The mountain that looms 14,411 feet over Puget Sound not only draws more than two million tourists a year, it represents an unhealed wound that gashed open during the longstanding war between Seattle and Tacoma.

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The active volcano, listed on official maps as Mount Rainier, but called Mount Tacoma by many locals, has a tale to tell that has yet to come to a conclusion. And the naming battle, like the mountain itself, could erupt again without notice.

English explorer Captain George Vancouver disregarded the “snowy mountain” title local Native Americans called their ever-mysterious mountain and named the peak after his friend Rear Admiral Peter Rainier during Vancouver’s expedition in the area in 1792.  It should be noted that Rainier never even came close to – or even saw the mountain – since he never came close to the Pacific Northwest. The closest he got to the mountain that bears his name was when he was capturing an American privateer during the War of Independence in 1778.

Mount Rainier 1894 Tacoma skyline
The mountain had two names, Rainier and Tacoma, when this 1894 photograph of the city was taken. Photo courtesy: Tacoma Public Library

Mount Rainier, however, would appear on official maps under the naming rights of “discovery,” but the Native Americans and floods of settlers stuck with Tacoma – or Tahoma – when they referred to the mountain that seemed to appear out of the clouds off in the distance. It was a mountain with two names. An Englishman, Dr. William Tolmie from nearby Fort Nisqually, was the first to refer to the mountain by its native name after he visited it in 1833. But an American, Augustus Kautz, called it Rainier when he attempted to reach its summit a generation later.

All was fine with the two-named mountain for a while. Business boosters in Seattle then sought revenge for losing out on being the terminus for the Northern Pacific Railroad. They just couldn’t stand the idea of Seattle’s chief rival benefiting from sharing its name with the region’s largest landmark. It promoted “Mount Rainier” and called “the Tacoma moniker” a case of “historical robbery.”

Peter Rainier
George Vancouver named the mountain after his friend Peter Rainier, who never visited the Pacific Northwest and even fought against America during the War of Independence. Photo courtesy: Secretary of State Archives

The matter went to the United States Board of Geographic Names in 1890. Mount Rainier won the board’s unanimous vote. But that didn’t end the issue. Tacomans kept up the pressure for another three decades.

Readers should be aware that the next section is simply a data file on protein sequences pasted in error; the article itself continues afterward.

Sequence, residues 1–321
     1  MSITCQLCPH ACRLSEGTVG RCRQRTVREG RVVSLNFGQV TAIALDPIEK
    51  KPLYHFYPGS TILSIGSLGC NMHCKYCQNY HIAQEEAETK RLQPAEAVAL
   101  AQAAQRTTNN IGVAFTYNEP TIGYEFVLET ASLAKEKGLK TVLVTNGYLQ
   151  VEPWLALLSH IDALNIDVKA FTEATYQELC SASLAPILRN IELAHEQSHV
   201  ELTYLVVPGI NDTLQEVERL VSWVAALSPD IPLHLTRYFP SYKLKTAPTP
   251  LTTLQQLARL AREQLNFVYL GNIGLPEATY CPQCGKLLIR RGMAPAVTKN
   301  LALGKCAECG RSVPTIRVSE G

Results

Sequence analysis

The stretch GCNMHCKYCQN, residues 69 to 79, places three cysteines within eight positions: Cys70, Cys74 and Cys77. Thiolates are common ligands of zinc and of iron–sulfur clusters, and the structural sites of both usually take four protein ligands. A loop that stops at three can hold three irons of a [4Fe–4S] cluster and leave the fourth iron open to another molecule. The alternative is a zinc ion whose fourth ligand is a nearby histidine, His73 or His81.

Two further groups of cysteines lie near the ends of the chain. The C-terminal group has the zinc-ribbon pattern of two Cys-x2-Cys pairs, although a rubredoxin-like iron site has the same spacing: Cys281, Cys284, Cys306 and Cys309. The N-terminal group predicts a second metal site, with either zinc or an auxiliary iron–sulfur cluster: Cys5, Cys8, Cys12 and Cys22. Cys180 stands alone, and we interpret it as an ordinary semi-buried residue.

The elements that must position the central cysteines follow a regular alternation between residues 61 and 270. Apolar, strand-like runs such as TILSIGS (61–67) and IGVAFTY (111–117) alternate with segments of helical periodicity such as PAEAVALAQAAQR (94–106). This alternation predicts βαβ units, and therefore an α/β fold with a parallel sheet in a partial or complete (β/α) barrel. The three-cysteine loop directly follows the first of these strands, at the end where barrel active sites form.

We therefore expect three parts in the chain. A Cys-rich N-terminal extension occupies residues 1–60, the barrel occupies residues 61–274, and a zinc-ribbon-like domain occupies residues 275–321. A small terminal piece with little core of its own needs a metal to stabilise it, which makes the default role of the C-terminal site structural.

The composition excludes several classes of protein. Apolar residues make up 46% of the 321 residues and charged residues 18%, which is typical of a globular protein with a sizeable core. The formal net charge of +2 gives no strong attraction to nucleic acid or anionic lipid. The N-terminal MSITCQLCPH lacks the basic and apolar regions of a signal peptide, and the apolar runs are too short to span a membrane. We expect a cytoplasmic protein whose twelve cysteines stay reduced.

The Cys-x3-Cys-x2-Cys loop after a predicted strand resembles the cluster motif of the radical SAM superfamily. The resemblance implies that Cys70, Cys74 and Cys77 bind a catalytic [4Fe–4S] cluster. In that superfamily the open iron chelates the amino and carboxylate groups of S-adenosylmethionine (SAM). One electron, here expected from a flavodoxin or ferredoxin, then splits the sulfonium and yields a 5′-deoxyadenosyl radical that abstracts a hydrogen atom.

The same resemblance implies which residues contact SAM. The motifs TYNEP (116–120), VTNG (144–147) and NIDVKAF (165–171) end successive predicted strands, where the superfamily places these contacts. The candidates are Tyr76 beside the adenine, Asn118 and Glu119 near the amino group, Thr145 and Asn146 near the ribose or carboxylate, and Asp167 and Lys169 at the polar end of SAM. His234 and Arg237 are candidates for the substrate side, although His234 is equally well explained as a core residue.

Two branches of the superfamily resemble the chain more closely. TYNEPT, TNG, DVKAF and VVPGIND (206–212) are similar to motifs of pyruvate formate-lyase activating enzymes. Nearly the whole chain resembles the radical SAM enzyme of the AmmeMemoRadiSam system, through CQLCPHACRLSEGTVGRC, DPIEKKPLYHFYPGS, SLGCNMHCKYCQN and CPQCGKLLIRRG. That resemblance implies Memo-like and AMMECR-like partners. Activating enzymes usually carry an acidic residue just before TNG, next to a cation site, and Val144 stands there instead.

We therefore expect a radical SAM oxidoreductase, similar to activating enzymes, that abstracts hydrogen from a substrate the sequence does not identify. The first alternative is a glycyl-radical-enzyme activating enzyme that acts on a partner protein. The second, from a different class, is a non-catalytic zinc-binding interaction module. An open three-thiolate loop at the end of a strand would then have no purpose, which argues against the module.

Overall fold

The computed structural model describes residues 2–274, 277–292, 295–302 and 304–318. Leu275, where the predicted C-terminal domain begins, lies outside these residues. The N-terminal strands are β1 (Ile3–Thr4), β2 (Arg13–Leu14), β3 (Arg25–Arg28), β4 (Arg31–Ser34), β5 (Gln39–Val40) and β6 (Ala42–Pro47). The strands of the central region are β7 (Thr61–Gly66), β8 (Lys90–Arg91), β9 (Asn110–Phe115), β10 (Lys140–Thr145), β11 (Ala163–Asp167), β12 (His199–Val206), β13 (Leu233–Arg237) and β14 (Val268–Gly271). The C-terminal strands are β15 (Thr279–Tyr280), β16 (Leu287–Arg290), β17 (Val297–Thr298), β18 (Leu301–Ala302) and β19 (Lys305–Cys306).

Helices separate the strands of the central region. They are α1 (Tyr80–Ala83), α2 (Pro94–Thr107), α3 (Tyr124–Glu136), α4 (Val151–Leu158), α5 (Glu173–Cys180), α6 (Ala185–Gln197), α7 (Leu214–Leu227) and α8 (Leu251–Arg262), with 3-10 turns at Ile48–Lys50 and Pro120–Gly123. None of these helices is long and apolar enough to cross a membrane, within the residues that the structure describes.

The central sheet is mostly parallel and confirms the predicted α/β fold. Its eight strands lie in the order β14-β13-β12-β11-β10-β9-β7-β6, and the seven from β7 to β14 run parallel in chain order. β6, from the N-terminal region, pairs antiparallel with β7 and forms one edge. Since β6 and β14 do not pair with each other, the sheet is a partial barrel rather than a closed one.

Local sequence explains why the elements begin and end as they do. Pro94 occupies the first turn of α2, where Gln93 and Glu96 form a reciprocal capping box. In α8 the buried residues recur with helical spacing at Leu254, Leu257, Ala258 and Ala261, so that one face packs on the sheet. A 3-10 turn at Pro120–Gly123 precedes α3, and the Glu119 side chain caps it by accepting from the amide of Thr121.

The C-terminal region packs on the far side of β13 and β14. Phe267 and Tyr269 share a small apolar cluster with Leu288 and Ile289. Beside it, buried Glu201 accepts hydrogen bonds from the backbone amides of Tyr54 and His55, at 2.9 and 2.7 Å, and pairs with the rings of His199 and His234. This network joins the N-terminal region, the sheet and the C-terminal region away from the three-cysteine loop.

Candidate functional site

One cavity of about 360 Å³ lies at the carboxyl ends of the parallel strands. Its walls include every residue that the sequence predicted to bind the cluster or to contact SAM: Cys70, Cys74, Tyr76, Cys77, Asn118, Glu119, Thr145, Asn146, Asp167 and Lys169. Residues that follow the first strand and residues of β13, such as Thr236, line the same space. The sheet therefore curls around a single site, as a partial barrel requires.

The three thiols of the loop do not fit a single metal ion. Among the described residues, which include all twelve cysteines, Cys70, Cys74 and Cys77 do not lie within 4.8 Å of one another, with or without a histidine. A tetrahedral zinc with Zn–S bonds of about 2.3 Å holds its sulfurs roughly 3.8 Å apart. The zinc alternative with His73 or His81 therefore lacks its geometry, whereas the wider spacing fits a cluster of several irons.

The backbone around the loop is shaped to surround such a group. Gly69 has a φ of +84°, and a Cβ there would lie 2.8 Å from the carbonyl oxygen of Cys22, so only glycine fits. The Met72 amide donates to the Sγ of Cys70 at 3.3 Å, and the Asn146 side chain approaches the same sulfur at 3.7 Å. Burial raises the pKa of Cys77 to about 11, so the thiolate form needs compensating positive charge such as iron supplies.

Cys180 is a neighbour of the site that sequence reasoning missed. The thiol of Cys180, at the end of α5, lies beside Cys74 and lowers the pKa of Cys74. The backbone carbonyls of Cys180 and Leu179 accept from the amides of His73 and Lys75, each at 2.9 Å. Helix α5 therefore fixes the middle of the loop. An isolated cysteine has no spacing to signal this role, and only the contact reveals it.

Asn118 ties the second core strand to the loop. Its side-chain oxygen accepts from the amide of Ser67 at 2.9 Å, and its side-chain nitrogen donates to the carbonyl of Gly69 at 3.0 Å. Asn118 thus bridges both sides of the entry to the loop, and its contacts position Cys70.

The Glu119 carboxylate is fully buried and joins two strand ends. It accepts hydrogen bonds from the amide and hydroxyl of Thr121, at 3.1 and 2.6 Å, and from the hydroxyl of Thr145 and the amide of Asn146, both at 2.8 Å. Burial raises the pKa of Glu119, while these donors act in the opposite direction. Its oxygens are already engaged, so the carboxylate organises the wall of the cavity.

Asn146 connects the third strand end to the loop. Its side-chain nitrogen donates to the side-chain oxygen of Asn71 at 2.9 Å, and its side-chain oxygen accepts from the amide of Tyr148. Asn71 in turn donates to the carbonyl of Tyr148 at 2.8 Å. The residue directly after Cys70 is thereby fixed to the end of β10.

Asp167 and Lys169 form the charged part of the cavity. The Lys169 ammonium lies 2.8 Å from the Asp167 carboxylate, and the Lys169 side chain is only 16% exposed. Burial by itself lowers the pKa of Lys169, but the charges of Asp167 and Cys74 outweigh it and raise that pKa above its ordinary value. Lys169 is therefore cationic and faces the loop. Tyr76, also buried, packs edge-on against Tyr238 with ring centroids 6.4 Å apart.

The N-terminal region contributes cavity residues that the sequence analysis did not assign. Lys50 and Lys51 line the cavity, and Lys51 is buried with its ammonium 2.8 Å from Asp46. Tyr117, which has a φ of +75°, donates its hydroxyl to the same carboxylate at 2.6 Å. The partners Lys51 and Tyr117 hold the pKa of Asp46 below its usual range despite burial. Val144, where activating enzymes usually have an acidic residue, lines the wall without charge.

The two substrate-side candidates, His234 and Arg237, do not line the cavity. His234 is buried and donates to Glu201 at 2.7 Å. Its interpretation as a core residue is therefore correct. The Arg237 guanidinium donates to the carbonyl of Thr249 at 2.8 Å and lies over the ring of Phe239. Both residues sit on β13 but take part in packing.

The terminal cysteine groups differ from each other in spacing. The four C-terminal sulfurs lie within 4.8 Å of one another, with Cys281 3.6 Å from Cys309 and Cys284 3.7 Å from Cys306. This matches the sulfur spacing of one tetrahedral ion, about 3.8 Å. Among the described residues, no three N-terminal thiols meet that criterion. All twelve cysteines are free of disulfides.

“No issue in the city’s history had such wholehearted support as the campaign to reclaim the mountain from Rear Admiral Rainier,” the late historian Murray Morgan wrote in his must-have local history book, Puget’s Sound: A Narrative of Early Tacoma and the Southern Sound.

It was a personal battle for the Morgan family as well. His parents had championed the “Tacoma cause,” with editorials, poems and letters to elected officials and helped form a national committee that included former president Theodore Roosevelt and humorist Will Rogers to revisit the issue in the 1920s. Their efforts even gained some traction. The U.S. Senate passed a bill in 1926 to name the mountain Mount Tacoma. The bill, however, died in the House of Representatives. All hope was lost.

 “It was a sad day in Tacoma when it lost its mountain,” Morgan wrote.

Mount Tahoma
The City of Tacoma drew its name from the nearby mountain of the same name since it looms over its skyline. Photo credit: Steve Dunkelberger

The matter seemed settled. The mountain would be called Rainier.

But no war is ever settled. The battle to rename the mountain got a bump in 2015. That’s when the continent’s tallest peak was renamed from Mount McKinley to back to its Native American name of Denali. It a twist of fate, Seattle’s chief newspaper, the Seattle Times, endorsed the idea of renaming Mount Rainier – 124 years after it championed the effort to rob the City of Tacoma of its namesake mountain.

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